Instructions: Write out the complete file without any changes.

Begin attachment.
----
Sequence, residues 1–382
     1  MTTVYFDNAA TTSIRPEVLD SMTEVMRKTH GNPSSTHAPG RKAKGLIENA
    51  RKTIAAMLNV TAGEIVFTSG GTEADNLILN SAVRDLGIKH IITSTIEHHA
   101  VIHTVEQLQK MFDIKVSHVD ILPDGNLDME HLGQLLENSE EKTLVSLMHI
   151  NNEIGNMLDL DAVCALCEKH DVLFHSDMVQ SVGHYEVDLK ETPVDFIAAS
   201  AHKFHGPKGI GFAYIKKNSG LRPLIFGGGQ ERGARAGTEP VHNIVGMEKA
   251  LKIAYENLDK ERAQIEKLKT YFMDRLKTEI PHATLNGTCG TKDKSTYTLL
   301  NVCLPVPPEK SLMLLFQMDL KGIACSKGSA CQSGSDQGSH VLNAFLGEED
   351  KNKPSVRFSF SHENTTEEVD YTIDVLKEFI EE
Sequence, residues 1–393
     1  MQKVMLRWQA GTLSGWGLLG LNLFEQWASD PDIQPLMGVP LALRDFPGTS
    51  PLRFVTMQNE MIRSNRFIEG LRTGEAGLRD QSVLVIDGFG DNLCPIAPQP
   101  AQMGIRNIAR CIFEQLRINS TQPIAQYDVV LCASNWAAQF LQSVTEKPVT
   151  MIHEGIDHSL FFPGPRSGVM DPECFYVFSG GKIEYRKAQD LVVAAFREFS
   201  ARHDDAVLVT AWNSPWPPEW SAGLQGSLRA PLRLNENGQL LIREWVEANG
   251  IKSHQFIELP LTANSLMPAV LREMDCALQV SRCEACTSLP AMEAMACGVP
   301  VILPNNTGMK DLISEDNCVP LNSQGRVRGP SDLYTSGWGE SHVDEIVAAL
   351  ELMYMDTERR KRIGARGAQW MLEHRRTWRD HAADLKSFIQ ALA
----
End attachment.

Sequence, residues 1–382
     1  MTTVYFDNAA TTSIRPEVLD SMTEVMRKTH GNPSSTHAPG RKAKGLIENA
    51  RKTIAAMLNV TAGEIVFTSG GTEADNLILN SAVRDLGIKH IITSTIEHHA
   101  VIHTVEQLQK MFDIKVSHVD ILPDGNLDME HLGQLLENSE EKTLVSLMHI
   151  NNEIGNMLDL DAVCALCEKH DVLFHSDMVQ SVGHYEVDLK ETPVDFIAAS
   201  AHKFHGPKGI GFAYIKKNSG LRPLIFGGGQ ERGARAGTEP VHNIVGMEKA
   251  LKIAYENLDK ERAQIEKLKT YFMDRLKTEI PHATLNGTCG TKDKSTYTLL
   301  NVCLPVPPEK SLMLLFQMDL KGIACSKGSA CQSGSDQGSH VLNAFLGEED
   351  KNKPSVRFSF SHENTTEEVD YTIDVLKEFI EE
Sequence, residues 1–393
     1  MQKVMLRWQA GTLSGWGLLG LNLFEQWASD PDIQPLMGVP LALRDFPGTS
    51  PLRFVTMQNE MIRSNRFIEG LRTGEAGLRD QSVLVIDGFG DNLCPIAPQP
   101  AQMGIRNIAR CIFEQLRINS TQPIAQYDVV LCASNWAAQF LQSVTEKPVT
   151  MIHEGIDHSL FFPGPRSGVM DPECFYVFSG GKIEYRKAQD LVVAAFREFS
   201  ARHDDAVLVT AWNSPWPPEW SAGLQGSLRA PLRLNENGQL LIREWVEANG
   251  IKSHQFIELP LTANSLMPAV LREMDCALQV SRCEACTSLP AMEAMACGVP
   301  VILPNNTGMK DLISEDNCVP LNSQGRVRGP SDLYTSGWGE SHVDEIVAAL
   351  ELMYMDTERR KRIGARGAQW MLEHRRTWRD HAADLKSFIQ ALA